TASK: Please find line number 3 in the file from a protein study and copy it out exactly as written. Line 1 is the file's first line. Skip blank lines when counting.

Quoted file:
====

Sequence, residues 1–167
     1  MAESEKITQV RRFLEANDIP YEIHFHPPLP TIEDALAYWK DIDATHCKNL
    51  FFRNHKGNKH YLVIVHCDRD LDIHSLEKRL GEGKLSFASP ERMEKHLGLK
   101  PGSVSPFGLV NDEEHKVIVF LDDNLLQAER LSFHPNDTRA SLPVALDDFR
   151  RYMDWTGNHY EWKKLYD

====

    51  FFRNHKGNKH YLVIVHCDRD LDIHSLEKRL GEGKLSFASP ERMEKHLGLK